Divorce happens to about 40-50% of first marriages and another group of children lose a parent to death. While divorce and bereavement do not necessarily lead to long-term adjustment problems in children, there is a subset of kids who suffer long-term problems as a result of these transitions. Following divorce or bereavement some kids then have to deal with the unique issues associated with blended families, such as the myth of immediate love; how to have a relationship with a stepparent, stepsiblings, or half siblings; increased demand for limited resources, such as money, time and space; and how to manage the different culture, rules and expectations of extended biological family and extended stepfamily.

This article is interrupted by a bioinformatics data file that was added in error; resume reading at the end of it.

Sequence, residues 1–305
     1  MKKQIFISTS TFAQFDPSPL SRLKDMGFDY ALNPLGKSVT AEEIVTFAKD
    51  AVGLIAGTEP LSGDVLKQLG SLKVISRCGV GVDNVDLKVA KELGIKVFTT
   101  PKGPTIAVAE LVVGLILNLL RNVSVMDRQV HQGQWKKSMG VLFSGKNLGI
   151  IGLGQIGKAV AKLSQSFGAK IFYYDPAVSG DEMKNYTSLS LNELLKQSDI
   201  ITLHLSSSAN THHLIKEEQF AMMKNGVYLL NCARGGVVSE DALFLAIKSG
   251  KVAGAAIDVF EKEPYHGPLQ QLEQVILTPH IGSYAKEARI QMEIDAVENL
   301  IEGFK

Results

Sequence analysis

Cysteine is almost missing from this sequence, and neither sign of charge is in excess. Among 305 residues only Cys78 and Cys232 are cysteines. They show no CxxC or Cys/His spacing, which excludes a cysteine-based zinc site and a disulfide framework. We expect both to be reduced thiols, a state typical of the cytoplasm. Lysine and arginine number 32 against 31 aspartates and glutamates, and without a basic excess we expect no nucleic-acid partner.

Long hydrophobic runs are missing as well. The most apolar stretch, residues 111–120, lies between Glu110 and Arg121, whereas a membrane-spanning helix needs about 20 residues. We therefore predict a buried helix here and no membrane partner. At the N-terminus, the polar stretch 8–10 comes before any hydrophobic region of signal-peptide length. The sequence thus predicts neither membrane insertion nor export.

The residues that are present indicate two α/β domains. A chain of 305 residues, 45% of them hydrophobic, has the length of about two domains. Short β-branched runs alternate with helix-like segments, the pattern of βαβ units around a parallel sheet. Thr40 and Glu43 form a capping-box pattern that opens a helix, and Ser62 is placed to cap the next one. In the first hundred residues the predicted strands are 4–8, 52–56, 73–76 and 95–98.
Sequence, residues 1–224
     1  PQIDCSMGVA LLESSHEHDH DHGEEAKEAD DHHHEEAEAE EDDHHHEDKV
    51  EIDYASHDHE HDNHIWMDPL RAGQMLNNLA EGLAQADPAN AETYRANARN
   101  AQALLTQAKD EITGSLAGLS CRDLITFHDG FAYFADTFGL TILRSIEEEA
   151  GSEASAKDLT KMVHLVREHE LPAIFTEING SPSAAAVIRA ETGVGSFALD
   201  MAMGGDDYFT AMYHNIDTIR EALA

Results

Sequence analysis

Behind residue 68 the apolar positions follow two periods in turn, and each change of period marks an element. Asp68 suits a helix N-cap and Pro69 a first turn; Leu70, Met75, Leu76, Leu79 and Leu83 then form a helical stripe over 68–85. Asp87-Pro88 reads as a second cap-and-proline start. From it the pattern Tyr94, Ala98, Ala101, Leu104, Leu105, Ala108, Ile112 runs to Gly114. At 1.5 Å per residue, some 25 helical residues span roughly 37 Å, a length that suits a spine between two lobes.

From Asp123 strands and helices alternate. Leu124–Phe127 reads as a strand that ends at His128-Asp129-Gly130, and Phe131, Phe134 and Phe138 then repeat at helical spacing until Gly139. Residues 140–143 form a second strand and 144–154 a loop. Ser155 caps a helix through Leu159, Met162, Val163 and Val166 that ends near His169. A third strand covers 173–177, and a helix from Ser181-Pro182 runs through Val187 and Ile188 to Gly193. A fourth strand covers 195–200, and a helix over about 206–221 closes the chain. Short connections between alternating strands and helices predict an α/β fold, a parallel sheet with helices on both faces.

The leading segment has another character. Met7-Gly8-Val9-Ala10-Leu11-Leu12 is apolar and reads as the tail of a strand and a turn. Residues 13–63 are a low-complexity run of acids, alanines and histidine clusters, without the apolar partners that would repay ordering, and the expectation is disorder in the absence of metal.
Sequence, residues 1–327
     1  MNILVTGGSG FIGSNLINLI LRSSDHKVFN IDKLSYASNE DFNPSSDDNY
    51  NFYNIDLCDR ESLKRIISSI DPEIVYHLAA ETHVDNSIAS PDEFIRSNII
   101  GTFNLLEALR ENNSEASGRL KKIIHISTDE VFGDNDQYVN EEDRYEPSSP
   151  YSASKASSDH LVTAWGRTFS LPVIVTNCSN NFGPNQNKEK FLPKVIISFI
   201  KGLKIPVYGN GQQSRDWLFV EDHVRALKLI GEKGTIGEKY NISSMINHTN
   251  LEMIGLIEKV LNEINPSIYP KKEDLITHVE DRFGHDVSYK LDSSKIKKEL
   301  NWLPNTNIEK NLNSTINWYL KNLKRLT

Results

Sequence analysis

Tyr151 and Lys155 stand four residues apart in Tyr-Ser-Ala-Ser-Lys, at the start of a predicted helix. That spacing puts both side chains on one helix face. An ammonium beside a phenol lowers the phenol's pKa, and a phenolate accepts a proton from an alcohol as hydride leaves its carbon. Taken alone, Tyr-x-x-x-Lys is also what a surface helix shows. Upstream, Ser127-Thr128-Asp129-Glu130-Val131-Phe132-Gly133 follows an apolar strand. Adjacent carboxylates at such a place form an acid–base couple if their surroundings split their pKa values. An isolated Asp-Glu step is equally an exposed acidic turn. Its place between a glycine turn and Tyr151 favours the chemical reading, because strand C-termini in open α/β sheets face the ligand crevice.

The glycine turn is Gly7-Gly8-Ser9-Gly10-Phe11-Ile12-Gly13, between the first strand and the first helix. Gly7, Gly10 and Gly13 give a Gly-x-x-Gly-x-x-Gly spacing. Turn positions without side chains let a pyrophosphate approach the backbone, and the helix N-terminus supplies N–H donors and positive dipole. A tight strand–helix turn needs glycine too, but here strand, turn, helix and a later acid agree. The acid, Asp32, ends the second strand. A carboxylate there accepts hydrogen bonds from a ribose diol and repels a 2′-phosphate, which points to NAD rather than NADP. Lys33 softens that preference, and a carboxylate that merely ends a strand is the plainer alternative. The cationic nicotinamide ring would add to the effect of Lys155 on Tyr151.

In spite of all these challenges, there are concrete, evidence-based strategies parents can use to help kids cope and to prevent their children from suffering long-term damage from family transitions. At PCS, we offer child therapy, teach parenting strategies, and provide family therapy to address the unique concerns of children and families who have experienced divorce, bereavement or repartnering/remarriage.
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